Making Sense Of New Technologies And Media: An Opinionated Digest by George Siemens - June 1 08
New media technologies are taking over the stage even when you are the presenter? If attendees to your last presentation got frequently distracted, kept avidly typing on their laptops or if your students kept getting distracted in your class, are you failing as a communicator or is your audience in need of being further educated? Where does your ability to engage start to fail and where does the new multi-channel, always-on interactive dialogue start? Who is really wrong?
Photo credit: Dovile Butvilaite
"I'm sympathetic with the concerns of laptop mis-use. Yet I wonder if the problem isn't partly with our lack of modeling proper technology use. Perhaps we ought to utilize these tools for academic purposes, rather than continuing lecture models and seeing laptops as add ons to learning rather than a key contributor."
...writes George Siemens while giving voice also to others who, like Chris Lott, actually promote the use of "backchannels" in class and during lectures:
"We all know that regardless of what a participant has at hand- a backchannel, a laptop, a cell phone, a book, or a set of Legos- they are not and never will direct 100% of their attention forward and they will find ways to create the attention cycles that characterize engagement."
George Siemens, who looks at how we can best extract new knowledge and valuable interaction opportunities from our our worn academic path, takes you each week on a tour of his most recent adventures, discoveries and new findings.
Here his media and technology report for this week:
Social Media in Plain English
CommonCraft continues its tradition of taking complex ideas and reducing them to their essence in short videos. Their most recent release is Social Media in Plain English (just under 4 minutes). The video presents the value of social media creators (the amateurs) using new tools and approaches to personalize and augment the activities of traditional "big companies". Well done, though I'll pass on the pickle ice cream, thank you.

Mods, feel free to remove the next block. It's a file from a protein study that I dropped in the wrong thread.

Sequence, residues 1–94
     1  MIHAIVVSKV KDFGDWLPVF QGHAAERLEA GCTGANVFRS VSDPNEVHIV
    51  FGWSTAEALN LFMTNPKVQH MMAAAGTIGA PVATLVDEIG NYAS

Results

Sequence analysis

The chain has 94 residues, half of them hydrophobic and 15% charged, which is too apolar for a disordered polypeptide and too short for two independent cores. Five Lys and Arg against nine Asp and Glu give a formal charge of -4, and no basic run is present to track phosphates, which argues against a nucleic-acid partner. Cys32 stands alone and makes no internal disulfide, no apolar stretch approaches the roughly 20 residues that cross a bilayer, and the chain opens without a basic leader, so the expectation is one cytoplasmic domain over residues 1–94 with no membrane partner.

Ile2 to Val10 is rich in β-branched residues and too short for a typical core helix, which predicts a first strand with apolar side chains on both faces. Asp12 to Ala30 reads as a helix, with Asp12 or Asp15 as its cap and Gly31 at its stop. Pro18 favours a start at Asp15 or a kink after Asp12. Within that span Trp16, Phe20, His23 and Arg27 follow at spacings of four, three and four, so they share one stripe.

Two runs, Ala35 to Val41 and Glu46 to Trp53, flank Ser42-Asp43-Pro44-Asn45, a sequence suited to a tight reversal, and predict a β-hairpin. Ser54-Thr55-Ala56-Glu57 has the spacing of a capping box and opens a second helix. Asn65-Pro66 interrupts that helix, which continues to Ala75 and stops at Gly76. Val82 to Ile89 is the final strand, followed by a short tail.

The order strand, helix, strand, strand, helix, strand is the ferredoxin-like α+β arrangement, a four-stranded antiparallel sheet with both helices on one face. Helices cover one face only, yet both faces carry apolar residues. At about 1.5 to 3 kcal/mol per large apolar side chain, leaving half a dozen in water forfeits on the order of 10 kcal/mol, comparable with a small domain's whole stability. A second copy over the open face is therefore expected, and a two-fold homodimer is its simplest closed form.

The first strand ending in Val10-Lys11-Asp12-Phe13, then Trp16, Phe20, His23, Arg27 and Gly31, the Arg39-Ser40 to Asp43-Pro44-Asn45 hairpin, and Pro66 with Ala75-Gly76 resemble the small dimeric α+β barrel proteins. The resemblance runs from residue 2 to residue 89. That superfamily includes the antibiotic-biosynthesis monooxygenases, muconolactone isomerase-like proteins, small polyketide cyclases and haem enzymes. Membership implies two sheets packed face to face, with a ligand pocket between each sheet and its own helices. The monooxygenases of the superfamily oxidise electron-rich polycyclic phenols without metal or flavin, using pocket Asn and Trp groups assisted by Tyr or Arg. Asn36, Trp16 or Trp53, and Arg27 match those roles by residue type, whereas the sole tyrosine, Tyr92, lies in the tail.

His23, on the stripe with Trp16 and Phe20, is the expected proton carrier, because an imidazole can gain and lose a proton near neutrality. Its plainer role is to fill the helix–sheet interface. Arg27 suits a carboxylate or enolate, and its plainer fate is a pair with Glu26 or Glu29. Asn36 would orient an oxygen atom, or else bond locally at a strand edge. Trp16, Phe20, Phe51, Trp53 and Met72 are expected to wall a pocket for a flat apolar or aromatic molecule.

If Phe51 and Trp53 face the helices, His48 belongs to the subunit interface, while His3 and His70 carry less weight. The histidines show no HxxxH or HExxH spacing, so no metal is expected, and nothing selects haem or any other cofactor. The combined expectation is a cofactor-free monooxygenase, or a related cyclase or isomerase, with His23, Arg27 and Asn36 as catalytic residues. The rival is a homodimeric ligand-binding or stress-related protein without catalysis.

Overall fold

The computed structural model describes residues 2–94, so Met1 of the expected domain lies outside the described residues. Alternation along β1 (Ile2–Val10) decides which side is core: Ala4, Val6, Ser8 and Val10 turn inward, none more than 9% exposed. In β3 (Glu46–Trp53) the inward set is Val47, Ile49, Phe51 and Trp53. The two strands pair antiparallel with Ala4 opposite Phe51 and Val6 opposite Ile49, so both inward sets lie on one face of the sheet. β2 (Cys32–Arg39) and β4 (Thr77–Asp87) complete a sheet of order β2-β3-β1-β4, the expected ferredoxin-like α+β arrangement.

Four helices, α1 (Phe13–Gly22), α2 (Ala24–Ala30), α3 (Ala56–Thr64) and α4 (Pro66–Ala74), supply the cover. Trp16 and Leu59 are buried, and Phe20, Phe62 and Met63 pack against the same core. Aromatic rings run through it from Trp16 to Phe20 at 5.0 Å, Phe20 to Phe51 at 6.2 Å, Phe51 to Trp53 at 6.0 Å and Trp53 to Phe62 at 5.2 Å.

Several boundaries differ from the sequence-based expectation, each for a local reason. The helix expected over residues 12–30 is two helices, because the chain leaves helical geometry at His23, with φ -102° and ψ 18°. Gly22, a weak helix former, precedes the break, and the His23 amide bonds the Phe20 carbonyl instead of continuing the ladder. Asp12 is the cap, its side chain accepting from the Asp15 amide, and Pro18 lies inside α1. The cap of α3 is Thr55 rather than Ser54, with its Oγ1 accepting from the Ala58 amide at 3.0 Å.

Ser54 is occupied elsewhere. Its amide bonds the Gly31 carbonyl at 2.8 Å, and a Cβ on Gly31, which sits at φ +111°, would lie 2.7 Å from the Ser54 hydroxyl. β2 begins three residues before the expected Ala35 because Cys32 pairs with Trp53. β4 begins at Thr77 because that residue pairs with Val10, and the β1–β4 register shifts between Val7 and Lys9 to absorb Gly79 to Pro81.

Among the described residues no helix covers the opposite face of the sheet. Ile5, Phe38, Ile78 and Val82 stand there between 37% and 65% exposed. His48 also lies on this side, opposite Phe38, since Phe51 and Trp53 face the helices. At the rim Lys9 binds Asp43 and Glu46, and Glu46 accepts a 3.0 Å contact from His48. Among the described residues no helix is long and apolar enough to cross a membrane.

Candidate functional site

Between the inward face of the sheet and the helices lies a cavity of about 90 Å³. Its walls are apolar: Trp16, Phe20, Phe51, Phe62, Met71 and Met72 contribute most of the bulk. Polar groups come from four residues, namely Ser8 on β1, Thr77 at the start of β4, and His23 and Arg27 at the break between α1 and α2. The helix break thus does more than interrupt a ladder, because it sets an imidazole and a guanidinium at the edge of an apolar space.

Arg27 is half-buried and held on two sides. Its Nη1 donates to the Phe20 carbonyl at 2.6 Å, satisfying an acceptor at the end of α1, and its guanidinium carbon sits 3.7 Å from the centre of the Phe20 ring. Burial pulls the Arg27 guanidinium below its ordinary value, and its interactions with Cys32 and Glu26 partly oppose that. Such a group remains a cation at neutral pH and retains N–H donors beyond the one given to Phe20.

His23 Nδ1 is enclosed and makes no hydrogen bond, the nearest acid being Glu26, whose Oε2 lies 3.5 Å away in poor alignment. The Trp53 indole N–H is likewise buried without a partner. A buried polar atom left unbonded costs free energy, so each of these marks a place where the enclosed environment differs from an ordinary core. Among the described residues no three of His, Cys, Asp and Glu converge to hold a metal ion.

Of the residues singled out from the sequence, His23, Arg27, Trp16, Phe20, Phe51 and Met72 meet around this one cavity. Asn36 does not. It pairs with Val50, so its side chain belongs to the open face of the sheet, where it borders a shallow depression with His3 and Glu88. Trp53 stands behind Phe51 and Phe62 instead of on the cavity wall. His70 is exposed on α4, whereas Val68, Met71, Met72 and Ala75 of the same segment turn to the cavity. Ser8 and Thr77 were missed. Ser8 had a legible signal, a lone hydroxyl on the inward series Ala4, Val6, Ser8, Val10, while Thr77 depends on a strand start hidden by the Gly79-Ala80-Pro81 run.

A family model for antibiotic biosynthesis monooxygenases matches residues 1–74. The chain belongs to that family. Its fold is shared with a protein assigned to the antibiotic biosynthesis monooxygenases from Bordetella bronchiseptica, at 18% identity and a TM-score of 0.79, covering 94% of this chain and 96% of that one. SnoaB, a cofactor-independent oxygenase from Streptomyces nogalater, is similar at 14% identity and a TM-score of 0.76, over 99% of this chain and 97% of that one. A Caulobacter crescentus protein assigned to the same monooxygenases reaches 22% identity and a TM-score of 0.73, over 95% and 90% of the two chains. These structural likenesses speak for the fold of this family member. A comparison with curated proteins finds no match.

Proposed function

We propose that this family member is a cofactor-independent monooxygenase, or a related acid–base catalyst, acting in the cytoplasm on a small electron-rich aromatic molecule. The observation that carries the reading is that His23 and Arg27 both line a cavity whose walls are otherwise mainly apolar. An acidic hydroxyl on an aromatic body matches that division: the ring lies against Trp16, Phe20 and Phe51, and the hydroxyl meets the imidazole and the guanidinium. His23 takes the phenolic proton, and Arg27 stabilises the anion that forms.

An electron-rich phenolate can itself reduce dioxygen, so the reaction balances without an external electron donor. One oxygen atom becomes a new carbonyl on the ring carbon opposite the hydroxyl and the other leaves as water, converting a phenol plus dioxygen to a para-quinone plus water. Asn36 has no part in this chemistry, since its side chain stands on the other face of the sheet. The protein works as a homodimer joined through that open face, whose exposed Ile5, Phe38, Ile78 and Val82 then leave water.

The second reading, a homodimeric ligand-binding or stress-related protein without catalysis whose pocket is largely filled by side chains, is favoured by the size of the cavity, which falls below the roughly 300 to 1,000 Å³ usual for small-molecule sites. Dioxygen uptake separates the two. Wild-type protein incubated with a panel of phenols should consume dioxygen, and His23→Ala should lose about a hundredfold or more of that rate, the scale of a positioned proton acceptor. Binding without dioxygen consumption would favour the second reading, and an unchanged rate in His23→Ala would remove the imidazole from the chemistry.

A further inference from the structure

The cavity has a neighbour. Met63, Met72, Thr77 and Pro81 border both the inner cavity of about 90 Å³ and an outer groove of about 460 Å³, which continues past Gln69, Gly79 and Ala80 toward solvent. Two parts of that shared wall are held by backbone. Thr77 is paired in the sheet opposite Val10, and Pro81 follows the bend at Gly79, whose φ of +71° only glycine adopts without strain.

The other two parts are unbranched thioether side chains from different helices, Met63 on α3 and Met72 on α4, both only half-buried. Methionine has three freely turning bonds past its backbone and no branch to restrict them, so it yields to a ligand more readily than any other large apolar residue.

Theory and Practice of Online Learning
Terry Anderson has released the second edition of his popular Theory and Practice of Online Learning (direct link to entire book in .pdf). The book is available for purchase or as a free download. Topics include social media, philosophies of technology, mobile learning, cost decisions about technology, libraries, learner support and more.
On a personal note, I appreciated Mohamed Ally's opening chapter on learning theory, including extensive discussion on connectivism. The broad range of subjects, both theoretical and practical, ensures that this publication will continue to be a critical resource for trainers, educators, and students.
Understanding the Backchannel
Photo credit: Henrischmi
Chris Lott is one of the most insightful writers I follow. I've had several opportunities over the last six months (while I was in Fairbanks) to spend time with Chris. Great experience each time. He offers a rare blend of creative and critical thinking - I guess that's what happens when a poet holds a degree in philosophy.
Anyway, Chris recently posted on understanding the backchannel (a backchannel is essentially a tool such as Twitter, IRC, or IM that allows for participants to interact with each other while in a classroom or conference):
"Others have bought into what I consider a common fallacy: if the backchannel weren't there that attention would be directed at them (or whoever is speaking) instead. We all know that regardless of what a participant has at hand- a backchannel, a laptop, a cell phone, a book, or a set of Legos- they are not and never will direct 100% of their attention forward and they will find ways to create the attention cycles that characterize engagement. I was able to ignore all of my horrible, disengaged, shallow, incompetent teachers just fine back when the only thing digital any of us had access to was a watch."
Music and Video Games
I'm not sure what this means (if anything) - apparently, bands are selling more songs on Xbox than on iTunes.